Royal Society Open Science

Royal Society Open Science is a peer-reviewed open access scientific journal published by the Royal Society since September 2014. Its launch was announced in February 2014.

It covers all scientific fields and publishes all articles which are scientifically sound, leaving any judgement of impact to the reader. As of 2017 the editor-in-chief, Jeremy Sanders, is supported by a team of Subject Editors and Associate Editors. Commissioning and peer review for the chemistry section of the journal is managed by the Royal Society of Chemistry.Articles published in Royal Society Open Science are regularly covered in the mainstream media, such as BBC News and The Independent newspaper.The journal is indexed by a number of services, including PubMed, PubMed Central, Scopus and the Directory of Open Access Journals.

As of January 2018, the article processing charge is GBP 900 (USD 1260, EUR 1080).

Science Advances

Science Advances is a peer-reviewed multidisciplinary open-access scientific journal established in early 2015. It is the fourth journal published by the American Association for the Advancement of Science, and the first that is gold open access and online only. The journal's scope includes all areas of science, including the life sciences, physical sciences, social sciences, computer sciences, and environmental sciences.

Shopify

Shopify is a Canadian e-commerce company headquartered in Ottawa, Ontario. It is also the name of its proprietary e-commerce platform for online stores and retail point-of-sale systems. Shopify offers online retailers a suite of services "including payments, marketing, shipping and customer engagement tools to simplify the process of running an online store for small merchants."The company reported that it had more than 600,000 merchants using its platform as of August 2017, with total gross merchandise volume exceeding $26 billion.

Shutterfly

Shutterfly, Inc. is an American Internet-based company, headquartered in Redwood City, California, and specializing in image-publishing services. Shutterfly's flagship product is its photo book line. The company, founded in 1999, is currently led by Christopher North. The company went public in 2006.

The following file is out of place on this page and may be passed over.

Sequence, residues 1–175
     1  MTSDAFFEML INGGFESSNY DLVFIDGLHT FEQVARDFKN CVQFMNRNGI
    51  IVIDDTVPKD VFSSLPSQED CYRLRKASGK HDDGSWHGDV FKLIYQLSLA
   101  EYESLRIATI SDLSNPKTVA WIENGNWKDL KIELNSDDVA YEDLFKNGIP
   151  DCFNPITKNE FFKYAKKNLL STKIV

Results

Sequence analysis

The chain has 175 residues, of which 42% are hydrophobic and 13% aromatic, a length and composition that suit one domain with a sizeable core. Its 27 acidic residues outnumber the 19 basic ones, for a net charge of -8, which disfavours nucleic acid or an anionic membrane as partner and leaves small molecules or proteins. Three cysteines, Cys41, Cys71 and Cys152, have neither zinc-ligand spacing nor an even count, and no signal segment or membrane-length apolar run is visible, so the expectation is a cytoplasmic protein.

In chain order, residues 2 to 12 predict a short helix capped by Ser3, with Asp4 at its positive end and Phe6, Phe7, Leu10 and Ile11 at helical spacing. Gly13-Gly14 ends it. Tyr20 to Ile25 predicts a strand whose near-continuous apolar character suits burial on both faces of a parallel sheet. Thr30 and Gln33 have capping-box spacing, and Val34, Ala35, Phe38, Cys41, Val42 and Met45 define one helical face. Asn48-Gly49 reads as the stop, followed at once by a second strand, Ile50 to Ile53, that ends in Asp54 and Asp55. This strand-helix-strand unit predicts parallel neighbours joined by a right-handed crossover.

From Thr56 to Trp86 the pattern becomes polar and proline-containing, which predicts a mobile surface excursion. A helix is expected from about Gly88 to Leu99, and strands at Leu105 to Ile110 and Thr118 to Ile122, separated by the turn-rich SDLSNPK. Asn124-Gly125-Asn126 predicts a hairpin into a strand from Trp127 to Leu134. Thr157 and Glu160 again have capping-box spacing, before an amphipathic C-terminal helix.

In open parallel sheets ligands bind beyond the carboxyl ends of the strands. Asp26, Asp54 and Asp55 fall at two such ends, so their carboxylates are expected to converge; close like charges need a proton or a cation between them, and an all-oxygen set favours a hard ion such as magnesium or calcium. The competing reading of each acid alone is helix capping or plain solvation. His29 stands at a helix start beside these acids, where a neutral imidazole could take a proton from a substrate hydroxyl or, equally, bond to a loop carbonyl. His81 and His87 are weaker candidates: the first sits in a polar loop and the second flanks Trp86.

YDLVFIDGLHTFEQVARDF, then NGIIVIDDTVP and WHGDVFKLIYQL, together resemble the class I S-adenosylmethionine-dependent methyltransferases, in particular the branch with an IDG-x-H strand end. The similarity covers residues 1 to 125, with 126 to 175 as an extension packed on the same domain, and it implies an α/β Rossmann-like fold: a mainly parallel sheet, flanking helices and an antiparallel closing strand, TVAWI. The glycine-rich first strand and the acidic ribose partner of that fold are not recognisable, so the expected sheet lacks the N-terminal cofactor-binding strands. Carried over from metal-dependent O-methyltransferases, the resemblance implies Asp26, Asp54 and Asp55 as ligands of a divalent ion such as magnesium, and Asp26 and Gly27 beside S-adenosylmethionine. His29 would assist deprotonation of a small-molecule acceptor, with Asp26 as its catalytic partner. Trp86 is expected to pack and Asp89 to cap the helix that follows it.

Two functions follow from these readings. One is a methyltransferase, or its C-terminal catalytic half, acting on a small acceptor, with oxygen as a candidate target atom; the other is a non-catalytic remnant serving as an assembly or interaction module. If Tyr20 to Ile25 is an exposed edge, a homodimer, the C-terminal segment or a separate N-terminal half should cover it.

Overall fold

The Shutterfly customer base is heavily skewed toward women, who accounted for 80% of customers as reported in 2013.Shutterfly's revenue derives from "turning digital snapshots into tangible things".

Small press

A small press is a publisher with annual sales below a certain level. Commonly, in the United States, this is set at $50 million, after returns and discounts. Small presses are also defined as those that publish an average of fewer than 10 titles per year, though there are a few who manage to do more.

The terms "small press", "indie publisher", and "independent press" are often used interchangeably, with "independent press" defined as publishers that are not part of large conglomerates or multinational corporations. Defined this way, these presses make up approximately half of the market share of the book publishing industry. Many small presses rely on specialization in genre fiction, poetry, or limited-edition books or magazines, but there are also thousands that focus on niche non-fiction markets.

Spreadshirt

Spreadshirt is a global e-commerce company that offers print-on-demand for clothing and accessories. It operates in Europe and North America. Customers can either discover products designed by others or create their own designs. It is also possible for vendors to create their own shops. Spreadshirt has its own factories for printing the ordered items.

Ubiquity Press

Ubiquity Press is a United Kingdom-based academic publisher focusing on open access publication. It was established in 2012. It is a member of the Committee on Publication Ethics, the Association of Learned and Professional Society Publishers, and the Open Access Scholarly Publishers Association. The press operates on an article processing charge basis.

Vanity press

A vanity press, vanity publisher, or subsidy publisher is a publishing house in which authors pay to have their books published. Vanity publishers have no selection criteria as opposed to other "hybrid" publishing models. The term has appeared in mainstream U.S. publications as early as 1941.

In contrast, mainstream publishers, whether major companies or small presses, derive their profit from sales of the book to the general public. Publishers must therefore be cautious and deliberate in choosing to publish works that will sell, particularly as they must recoup their investment in the book (such as an advance payment and royalties to the author, editorial guidance, promotion, marketing, or advertising). In order to sell books, commercial publishers may also be selective in order to cultivate a reputation for high-quality work, or to specialize in a particular genre.

Because vanity presses are not usually selective (at least in the same way a commercial publisher would be) publication by a vanity press is typically not seen as conferring the same recognition or prestige as commercial publication. Vanity presses do offer more independence for the author than does the mainstream publishing industry; however, their fees can be higher than the fees normally charged for similar printing services, and sometimes restrictive contracts are required.

While a commercial publisher's intended market is the general public, a vanity publisher's intended market is the author and a very small number of interested members of the general public. In some cases, authors of a book that is vanity published will buy a substantial number of copies of their book, so that they can give it away as a promotional tool.